Not enough partying? Dance your way late into the night at the Zouk on Genting Dream.
Food on Genting Dream
There are many bars, lounges and restaurants for you to drink and eat. At all times, you will see people eating – breakfast, lunch, dinner, supper, morning and afternoon tea breaks. A gluttony journey awaits if you want it to be.
There are three places you can enjoy complimentary dining:
- Lido for Halal International Buffet,
- Dream Dining Room (Lower deck) for the Western set menu, and
- Dream Dining Room (Upper deck) for the Chinese set menu.
I am not really a buffet person, so I was glad that the food at Dream Dining Room are delicious for us to return. Of course, the buffet has more varied food choices.
For Dream Dining Room, I recommend you go for an early dinner to avoid queues. We waited quite a long for the Western main course. Also, the dessert could not be served early for us because they cooked and served in batches – and we were the first batch.
No friendly or prompt service here because the wait staff were busy managing the dinner crowd. The manager was even strict and fierce with my two-year-old – scolded her instead of a friendly reminder to sit down. Well, the super long wait for food had made the children restless, and I had made sure they were not in their way. Oh well.
If you are bored with the complimentary food, you can dine in specialty restaurants serving Chinese fine dining, Japanese cuisine and others. There might be a queue at the more popular restaurant.
From another person’s experience, it seems like the pricing can range from S$48 to S$100+ per person, and the Beef Short Ribs at the Bistro are a must-try.
As for us, we only paid for the gelato and enjoyed it on the windy deck! We did get bored with the complimentary dining and hence went to search for other foods in Port Klang and Penang.
Is Genting Dream suitable for families with children?
We travelled from 31 July to 3 August 2022, during a school term. Hence, I managed my expectations about the cruise not having any shows or events for children. I am not sure if there will be one during the school holidays.
Overall, I didn’t think the cruise is very much catered to children but to adults. We walked past the gambling tables and jackpots like they are any other facilities – no age check. To think my children could actually walk past and touch the jackpot machines when there were no “guards” around. There weren’t many indoor activities for children too – I thought of the ice skating rink in Mariner of the Seas (Royal Caribbean).
In hindsight, Royal Caribbean (“RC”) seemed more suitable or fun for young children. RC ship felt bigger and with more facilities too. We talked to another fellow passenger who had a 5-year-old with her and she agreed with us. She went on RC cruise before and she had booked their next cruise trip on RC which sailed shortly after.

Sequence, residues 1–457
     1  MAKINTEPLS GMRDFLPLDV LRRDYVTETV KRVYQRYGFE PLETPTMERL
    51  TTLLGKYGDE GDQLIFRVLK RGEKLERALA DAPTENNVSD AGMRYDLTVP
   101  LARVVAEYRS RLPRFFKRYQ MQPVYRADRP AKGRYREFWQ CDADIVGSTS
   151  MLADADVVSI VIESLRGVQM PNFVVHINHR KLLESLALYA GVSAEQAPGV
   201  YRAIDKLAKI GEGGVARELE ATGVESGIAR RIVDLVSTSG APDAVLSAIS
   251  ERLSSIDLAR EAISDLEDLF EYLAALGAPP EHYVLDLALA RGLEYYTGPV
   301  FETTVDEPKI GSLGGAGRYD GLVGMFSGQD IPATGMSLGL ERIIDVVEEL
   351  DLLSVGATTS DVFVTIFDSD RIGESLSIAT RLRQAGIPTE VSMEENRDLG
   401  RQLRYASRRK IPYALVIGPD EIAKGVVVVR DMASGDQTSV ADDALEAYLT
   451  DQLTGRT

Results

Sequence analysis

Genting Dream got a revamp, but personally, it still feels like a gambling cruise. Also, the cruise is good for people who like to drink and club too. Or those who like to eat at all times. I am not a fan of gambling, drinking, clubbing, or buffets, so I was quite bored. So this trip didn’t change my mind about cruises (see my opening paragraph). Perhaps I might consider if I have a free room.
Moreover, be prepared to spend if you want to fully enjoy the ship with fitness classes, specialty food, entertainment, alcoholic drinks and longer drop-off at the kids’ club.
Of course, the above is based on my personal preferences. On the other hand, my parents enjoyed the cruise, because it had a relaxing pace for them to eat and enjoy the facilities while travelling to Port Klang and Penang (we didn’t drop off our kids with them often). This was shortly after post-covid and so this type of travel was less stressful.
Moreover, my children enjoyed the cruise because they could swim every day and entertain themselves at a kid’s club. So if your children are easily satisfied with just pool and kid’s club like them, go ahead! Though I reckoned a staycation would suffice if it’s a cruise to nowhere. The cruise might also be good for parents who can drop off the older kids at the kids club and head off to gamble or relax with a cup of drink.
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Before you go, you might want to check out my other posts on Mariner of the Seas (Royal Caribbean). Let me know if you have other questions. Or do share with me what you heard of Genting Dream. Leave your comments below. Love to hear from you. :)